A special thank to Amy Willis for this review and to Selppubbookcovers.com.

http://amzn.to/2qG59D9 Available to buy with this click as ebook, print, or audio.

Please leave an  honest review at Amazon and Goodreads after reading my favorite

book The Relentess Brit.

Sarina Rose

website: http://www.sarinaroseauthor.com

Sign up for my  newsletter list complete the form below. Thank you.

Romance & More

Loving Nick is a story of second chance love during the Vietnam War. Nick falls in love with Karen at first sight at college. She is different from the women he usually dates. She wears business suits, just a hint of make-up, and doesn’t smoke. Karen loved Nick’s raw edges and his wild spirit. They become partners in a secret messenger operation delivering information about the war to other government operatives. They married right after graduation against her parents’ wishes. She was eager to marry him, but on their honeymoon, she had second thoughts. She wondered aloud if they had made a mistake being so young. Nick is confident they had not. She secured employment with a magazine to begin a career. Nick volunteered for Vietnam without discussing it with Karen. Hurt feelings and difficult times follow.

Loving Nick will be available this coming summer. Does this cover and paragraph entice you? I would love to hear from you. Send me a comment.

Best Wishes from me to you!

Sarina Rose



My books on Amazon: http://amzn.to/2qG59D9





Chic Lit Cafe Review

The Relentless American by Sarina Rose

Alt="The Relentless American"The Relentless American by Sarina Rose


The Relentless American is the story of Hannah, Daniel, and Sal. In some way or another, all three are victims of the Vietnam War. Will the wounds they suffer hinder a chance for Romance?

Chick Lit Cafe’s Review:

Insightful, Meaningful & Intriguing!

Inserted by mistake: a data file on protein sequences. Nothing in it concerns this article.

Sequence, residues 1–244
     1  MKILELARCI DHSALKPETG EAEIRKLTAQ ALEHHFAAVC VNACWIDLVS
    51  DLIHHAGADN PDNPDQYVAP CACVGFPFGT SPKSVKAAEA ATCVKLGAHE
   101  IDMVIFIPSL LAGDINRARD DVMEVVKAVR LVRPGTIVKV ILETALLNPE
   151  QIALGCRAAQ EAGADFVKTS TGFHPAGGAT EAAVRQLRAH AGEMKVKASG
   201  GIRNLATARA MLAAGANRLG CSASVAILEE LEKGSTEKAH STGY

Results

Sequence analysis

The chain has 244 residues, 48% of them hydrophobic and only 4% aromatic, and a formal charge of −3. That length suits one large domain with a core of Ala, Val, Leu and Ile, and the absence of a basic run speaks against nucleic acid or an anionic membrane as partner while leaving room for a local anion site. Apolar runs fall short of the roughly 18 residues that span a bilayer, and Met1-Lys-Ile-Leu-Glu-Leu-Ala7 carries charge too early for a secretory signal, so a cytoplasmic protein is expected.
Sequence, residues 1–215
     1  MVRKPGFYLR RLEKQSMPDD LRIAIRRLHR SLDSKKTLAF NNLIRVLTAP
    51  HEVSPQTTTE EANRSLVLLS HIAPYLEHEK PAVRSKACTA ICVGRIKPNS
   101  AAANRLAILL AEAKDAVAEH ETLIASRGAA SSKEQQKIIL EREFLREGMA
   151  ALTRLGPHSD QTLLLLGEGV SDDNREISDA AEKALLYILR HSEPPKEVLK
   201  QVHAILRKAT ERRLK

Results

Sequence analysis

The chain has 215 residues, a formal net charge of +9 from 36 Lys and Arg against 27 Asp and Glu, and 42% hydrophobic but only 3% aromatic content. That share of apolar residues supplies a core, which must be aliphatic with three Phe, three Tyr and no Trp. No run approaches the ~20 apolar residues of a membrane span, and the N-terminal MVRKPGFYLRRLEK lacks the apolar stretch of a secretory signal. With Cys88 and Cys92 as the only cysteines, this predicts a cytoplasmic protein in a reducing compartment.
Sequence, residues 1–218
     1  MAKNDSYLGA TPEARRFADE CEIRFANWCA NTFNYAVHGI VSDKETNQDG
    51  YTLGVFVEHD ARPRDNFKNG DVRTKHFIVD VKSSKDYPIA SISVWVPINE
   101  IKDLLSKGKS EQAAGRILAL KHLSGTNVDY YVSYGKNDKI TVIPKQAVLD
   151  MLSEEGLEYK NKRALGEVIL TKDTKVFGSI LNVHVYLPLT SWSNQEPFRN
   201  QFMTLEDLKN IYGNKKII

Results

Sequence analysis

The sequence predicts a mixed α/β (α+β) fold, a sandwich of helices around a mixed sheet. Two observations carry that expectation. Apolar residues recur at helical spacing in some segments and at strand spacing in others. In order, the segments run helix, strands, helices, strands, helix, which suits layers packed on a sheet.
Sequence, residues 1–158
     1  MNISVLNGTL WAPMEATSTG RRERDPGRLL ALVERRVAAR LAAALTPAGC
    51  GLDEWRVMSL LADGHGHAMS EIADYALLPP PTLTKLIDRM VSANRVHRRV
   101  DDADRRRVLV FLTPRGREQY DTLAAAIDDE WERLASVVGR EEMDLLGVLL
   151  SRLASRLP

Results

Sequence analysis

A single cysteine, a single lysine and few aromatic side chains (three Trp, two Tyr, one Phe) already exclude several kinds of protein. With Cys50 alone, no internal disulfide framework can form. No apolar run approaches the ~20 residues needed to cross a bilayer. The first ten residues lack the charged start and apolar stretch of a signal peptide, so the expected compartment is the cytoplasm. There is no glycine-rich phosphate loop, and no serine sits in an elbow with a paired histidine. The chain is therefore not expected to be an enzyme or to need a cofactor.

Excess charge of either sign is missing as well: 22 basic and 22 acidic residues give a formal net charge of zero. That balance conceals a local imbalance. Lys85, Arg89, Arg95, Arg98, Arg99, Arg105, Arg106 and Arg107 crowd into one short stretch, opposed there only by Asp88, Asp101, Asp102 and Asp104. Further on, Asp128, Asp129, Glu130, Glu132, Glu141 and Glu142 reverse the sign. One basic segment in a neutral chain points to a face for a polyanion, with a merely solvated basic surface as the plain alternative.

Love during the time of war.
The Vietnam age is creatively brought to life in this wonderful story written by Sarina Rose. With that era being full of anxiety, fear, wrongdoing and disaster, our author captures the essence of the life experience for many during that time.

The main character Hannah O’Brian, is a zealous anti-war advocate and protester. After college, she receives a marriage proposal from her friend Daniel MacIntyre, who is in the military reserve forces. When Hannah declines Daniel’s proposal, he walks away and enlists to serve in the army in a hospital in Japan. But instead, he finds himself in Vietnam amongst the heavy fire.

The main plot surrounds around the life of Hannah and the love that she has for the two men in her life, Daniel and Sal. As their lives become entwined, due to the war, readers will be turning the pages quickly and hungrily, seeking to find out what will happen next.
Hannah does have a slight air of entitlement and she is a bit spoiled. She can be somewhat unkind. But as she grows and matures, she becomes a well-loved character in the story. Readers will enjoy seeing her as she grows more mature and understanding. I loved the way Sarina Rose developed the character Hannah. She is a very realistic character. The reader will enjoy her, and the changes she goes through along the way, as the story progresses.

All of the main characters are very attractive and appealing in their personalities and actions.
Together, and individually, they each must face difficulties and make choices that are extremely hard to decide upon. The emotions in this novel run extremely high as we follow along with the lives of the characters and the sensational plot. Readers will find themselves experiencing, perhaps the familiar, feelings of loss, desire, love and hope.

Set in the early 70’s, during the Vietnam War, older readers will be moved by this story as they recall the events and memories of that time. For younger readers, not only will they get a very interesting history lesson, but they will be thrilled by the storyline and the satisfying ending.